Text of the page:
A couple of pellet burners, for use in the charcoal lighter can/stove, or with a simple h.c. pot stand + wind shield; they do require some elevation if used on a solid, flat surface.
This is the beginning of some experiments about (relatively) small jets ~ 1/4" or smaller compared to
fewer, larger holes, ~ 1/2", I'll try some larger ones, too.
So far, just a few burns, seems like the 4X1/2" holes behave better, are more consistent in performance thru the burn, maintain the pattern of flame tips at a more constant height below the pot.
But, I'm intrigued by the 'many jets' approach. Some of the time, esp. early in burn, and again v.late, there is a radial 'spoke pattern, that stays mostly horizontal - TA DA: the pot is heated by radiant heat, not so much soot, (I think). But in the middle of the burn, when it gets more vigorous, the "hub" of the radial pattern erupts into a spout.
A problem with all these simple wood and/or wood pellet burners is, the best flame pattern and quality requires specific conditions, and these simple stoves/burners don't easily provide controlled, constant conditions. Hey, whadaya want? We're trying to keep it simple and use minimal materials, right?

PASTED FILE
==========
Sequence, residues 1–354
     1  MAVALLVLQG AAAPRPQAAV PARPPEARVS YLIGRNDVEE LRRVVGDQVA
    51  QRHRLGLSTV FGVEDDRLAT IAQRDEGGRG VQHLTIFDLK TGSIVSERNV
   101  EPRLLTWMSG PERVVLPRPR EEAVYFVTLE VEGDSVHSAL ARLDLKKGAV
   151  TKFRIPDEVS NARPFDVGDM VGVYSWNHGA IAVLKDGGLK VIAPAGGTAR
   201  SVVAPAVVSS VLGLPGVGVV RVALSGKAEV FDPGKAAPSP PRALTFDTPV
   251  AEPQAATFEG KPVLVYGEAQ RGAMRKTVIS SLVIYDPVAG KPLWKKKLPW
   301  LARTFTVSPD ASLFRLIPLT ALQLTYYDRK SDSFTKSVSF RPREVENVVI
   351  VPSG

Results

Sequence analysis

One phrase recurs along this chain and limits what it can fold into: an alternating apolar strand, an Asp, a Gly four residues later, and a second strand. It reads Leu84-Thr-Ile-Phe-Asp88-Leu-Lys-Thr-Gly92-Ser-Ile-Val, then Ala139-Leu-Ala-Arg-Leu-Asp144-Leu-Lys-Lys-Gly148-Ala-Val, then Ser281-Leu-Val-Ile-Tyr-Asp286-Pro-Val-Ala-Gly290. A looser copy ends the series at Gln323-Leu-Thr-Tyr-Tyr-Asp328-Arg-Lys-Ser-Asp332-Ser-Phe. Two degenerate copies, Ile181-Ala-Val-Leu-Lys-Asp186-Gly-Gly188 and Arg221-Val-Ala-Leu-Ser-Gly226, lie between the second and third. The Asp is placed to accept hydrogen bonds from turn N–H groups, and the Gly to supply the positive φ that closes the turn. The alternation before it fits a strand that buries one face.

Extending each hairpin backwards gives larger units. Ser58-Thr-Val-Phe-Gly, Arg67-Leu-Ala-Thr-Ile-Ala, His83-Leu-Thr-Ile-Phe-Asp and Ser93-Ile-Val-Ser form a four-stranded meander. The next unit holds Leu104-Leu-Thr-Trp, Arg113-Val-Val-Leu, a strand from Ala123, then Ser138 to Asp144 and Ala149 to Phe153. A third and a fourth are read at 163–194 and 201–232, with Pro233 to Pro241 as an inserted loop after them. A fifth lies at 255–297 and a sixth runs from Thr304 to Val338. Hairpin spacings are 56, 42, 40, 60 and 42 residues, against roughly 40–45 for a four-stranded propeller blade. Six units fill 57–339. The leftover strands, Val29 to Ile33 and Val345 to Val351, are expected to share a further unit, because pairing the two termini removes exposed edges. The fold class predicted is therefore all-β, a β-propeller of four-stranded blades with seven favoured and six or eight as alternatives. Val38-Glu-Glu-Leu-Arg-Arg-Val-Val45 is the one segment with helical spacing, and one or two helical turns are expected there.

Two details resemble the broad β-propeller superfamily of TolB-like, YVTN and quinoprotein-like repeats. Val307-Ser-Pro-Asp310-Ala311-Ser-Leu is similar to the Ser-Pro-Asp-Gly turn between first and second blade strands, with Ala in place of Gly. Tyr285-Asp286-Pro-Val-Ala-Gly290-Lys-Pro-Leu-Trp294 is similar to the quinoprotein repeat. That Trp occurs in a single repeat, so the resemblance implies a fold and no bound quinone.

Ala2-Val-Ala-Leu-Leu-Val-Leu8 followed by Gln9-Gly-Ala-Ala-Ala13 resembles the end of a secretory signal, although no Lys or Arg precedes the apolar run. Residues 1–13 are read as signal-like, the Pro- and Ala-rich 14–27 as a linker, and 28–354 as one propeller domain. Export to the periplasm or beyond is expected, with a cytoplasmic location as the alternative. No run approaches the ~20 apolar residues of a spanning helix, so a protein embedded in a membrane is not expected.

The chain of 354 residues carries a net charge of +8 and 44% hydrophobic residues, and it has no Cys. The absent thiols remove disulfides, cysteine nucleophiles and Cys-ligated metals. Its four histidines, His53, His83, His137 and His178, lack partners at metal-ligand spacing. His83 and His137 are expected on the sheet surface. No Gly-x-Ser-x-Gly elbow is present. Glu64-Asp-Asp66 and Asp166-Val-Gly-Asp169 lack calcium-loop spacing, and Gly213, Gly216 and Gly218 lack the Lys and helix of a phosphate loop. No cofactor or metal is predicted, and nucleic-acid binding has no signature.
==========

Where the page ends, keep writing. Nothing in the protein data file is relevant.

Now, I'm speculating the fewer, larger holes sort of dump in the 'so called' secondary air, a larger hole = lower speed, but higher pressure, (right?) so I'm thinking, a number of smaller jets with the same cross section area will produce jets with higher speed, but lower pressure; seems to me that would make the jets potentially better performers, at the moment of optimal performance conditions; but the fewer, larger air holes will perform more consistently throughout the changing conditions inherent to a batch burn, to say nothing of external, constantly changing conditions of wind.
Now, something I noticed, but didn't keep careful enough notes, is - the smaller jets, when 'canted' to the side, did seem to burn more blue, but it looked like the flame was starved for air. So, I'll probably knock more bottom air intake holes in that model, "just to see".
I'm thinking, for more reliable and more consistent results, the fewer, larger top holes are best.
But then, I'm headed for putting together something with a more complex structure. Pics to follow, of course, but it may take time...
Maybe more pictures and fewer words, but at least now there are some pictures!